My toe-tipping into freelance writing was a flyer for my church. Having been to a religious college and grown up thoroughly immersed in my religion, that became an easy niche for me. My first magazine articles were for a Christian-based general interest e-zine. Those were the kind of publications I gravitated to because that’s what was most natural to me. I started blogging about my faith. But, I have also done articles on everything from cars and tech reviews to health and fitness. There is one caveat when it comes to controversial niches like politics or religion. I’ve found that a lot of these types of publications inquire about a “statement of faith” and if yours doesn’t quite fit theirs—then oh well.

  7. Jenny B Avatar
    Jenny B

    @Dobby Thank you for your well written post.

    I guess I probably have a variety of niches. I don’t want to be a writer of just one niche because I like to keep my options open. By expoloring I’m learning what I like to write and what I’m not as interested in writing.

    All the best in the competition and in your writing career.

  8. Hazel Avatar

    Interesting discussion, and an important one for freelancers (IMHO).

    My niche is writing articles about business, and particularly when it requires data analysis. I frequently do some of the analysis in Excel and sometimes provide graphics to go with the articles. I also know how to find and read financial information about companies.

    I’m not locked into writing about a particular industry or subject, and that allows me to feed that ravenous curiosity! Best of both worlds for me.

  9. Damaria Senne Avatar

    The problem that I encountered as a generalist writer is that I was continously having to sell myself and my services to editors.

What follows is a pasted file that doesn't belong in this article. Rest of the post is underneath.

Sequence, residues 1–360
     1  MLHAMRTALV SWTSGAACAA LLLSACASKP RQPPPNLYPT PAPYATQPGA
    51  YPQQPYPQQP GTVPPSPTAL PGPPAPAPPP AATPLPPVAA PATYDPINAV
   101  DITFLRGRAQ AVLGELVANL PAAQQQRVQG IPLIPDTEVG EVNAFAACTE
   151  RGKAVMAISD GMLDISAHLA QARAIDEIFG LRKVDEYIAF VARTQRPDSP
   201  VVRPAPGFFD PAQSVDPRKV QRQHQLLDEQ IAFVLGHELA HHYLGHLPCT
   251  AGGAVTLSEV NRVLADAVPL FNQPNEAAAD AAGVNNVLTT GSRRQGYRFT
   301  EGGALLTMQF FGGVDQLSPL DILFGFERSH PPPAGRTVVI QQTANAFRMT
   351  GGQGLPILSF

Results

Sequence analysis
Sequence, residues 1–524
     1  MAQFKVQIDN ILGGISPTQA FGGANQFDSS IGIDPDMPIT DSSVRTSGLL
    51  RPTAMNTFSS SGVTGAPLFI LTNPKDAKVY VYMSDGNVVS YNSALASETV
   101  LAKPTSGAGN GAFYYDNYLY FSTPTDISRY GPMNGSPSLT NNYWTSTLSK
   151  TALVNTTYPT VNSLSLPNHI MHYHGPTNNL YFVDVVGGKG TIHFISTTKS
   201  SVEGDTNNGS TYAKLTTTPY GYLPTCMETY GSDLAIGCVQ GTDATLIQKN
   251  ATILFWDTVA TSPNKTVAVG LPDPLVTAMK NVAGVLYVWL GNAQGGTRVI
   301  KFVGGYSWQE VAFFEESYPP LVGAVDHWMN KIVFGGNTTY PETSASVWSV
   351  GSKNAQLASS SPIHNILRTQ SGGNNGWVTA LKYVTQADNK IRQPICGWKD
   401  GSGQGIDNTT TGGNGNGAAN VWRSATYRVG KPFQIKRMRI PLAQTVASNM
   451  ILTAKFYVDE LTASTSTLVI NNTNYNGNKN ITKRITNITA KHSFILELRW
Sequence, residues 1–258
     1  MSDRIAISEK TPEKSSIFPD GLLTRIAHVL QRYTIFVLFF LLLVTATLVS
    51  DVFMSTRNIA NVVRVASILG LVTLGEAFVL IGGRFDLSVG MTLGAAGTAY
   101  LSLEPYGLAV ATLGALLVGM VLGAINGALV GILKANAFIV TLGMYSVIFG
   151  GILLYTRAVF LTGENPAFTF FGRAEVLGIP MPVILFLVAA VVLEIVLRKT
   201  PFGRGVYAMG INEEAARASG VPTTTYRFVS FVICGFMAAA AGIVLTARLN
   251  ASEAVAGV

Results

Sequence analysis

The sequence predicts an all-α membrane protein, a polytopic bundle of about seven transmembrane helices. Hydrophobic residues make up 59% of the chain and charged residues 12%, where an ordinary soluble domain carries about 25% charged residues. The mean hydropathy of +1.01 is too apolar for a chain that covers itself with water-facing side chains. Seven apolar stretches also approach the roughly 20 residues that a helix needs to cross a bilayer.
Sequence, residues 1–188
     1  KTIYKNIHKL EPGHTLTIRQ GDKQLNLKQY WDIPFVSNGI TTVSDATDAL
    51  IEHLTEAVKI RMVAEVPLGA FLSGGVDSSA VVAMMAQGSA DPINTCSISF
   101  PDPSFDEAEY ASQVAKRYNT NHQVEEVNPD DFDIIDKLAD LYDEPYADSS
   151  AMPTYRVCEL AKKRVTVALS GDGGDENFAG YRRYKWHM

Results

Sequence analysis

Having a niche has helped me to sell more consistently, and to build a name in a specific field. As a result, my querying process has become more informal, responses come more quickly, sources are also more receptive to being interviewed by me, and I am better able to negotiate pay.

    That said, I don’t believe a writer must have a niche. There are writers who do very well writing on a variety of subjects, and they gain a following due to their mastery of words, rather than based on a subject. Then there are writers who write under different pen names for varied niches.

    I also don’t think that writers who choose to have a niche should necessarily allow themselves to be pigeon-holed. I try out new subjects and writing forms, so I can learn new things and expand my repertoire. Sometimes the new subject/form works out wonderfully well, and I acquire another niche to write for.

  10. Dobby Avatar

    Damaria – Different pen names for different niches, that’s a very good point.

    Hazel – You have a very specialized skill and that’s a terrific selling point. I for one hate math and numbers etc. I do like money however, so I never have a problem with that :0) It’s great you can utilize your specialty and branch out when you want to – the best of both world indeed!

    Jenny B – Thank you! I think it’s really important to find out what you don’t like to write about. I have one subject in particular that drives me barking mad and though I always have issue with turning down work :0) I never have one with saying no thank you to this particular subject. (boy it’s hard to interact and keep identifying comments a secret!)

    Mike – You’re another one with specialized training/experience. I have also experienced the “statement of leanings” thing. It’s interesting that people don’t believe you’re able to write a piece from a neutral standpoint.

    Jenny D – I think the standout point in your comment was “something that makes a writer stand out.” That is so important. Whether it’s standing out in a niche as an expert to standing out with kick-butt writing, or well known publication names beside your articles, separating yourself from the pack is key.

  11. Mike Avatar

    I have been able to cut into a couple of niches that I feel I have given me a leg up over other writers. I just landed a job writing articles about manufacturing issues (I’ve worked in manufacturing for 10+ years) I am also an EMT and former volunteer firefighter. The EMT side has helped me out on some medical-related work. The firefighting experience has come in handy a few times. But some niches can be few and far between. What I would like though is to be able to cut into a few specialized markets. Real Estate and Investing are two really hot markets that although I am interested in those subjects, most clients want somebody already experienced in those areas and thus begins the conundrum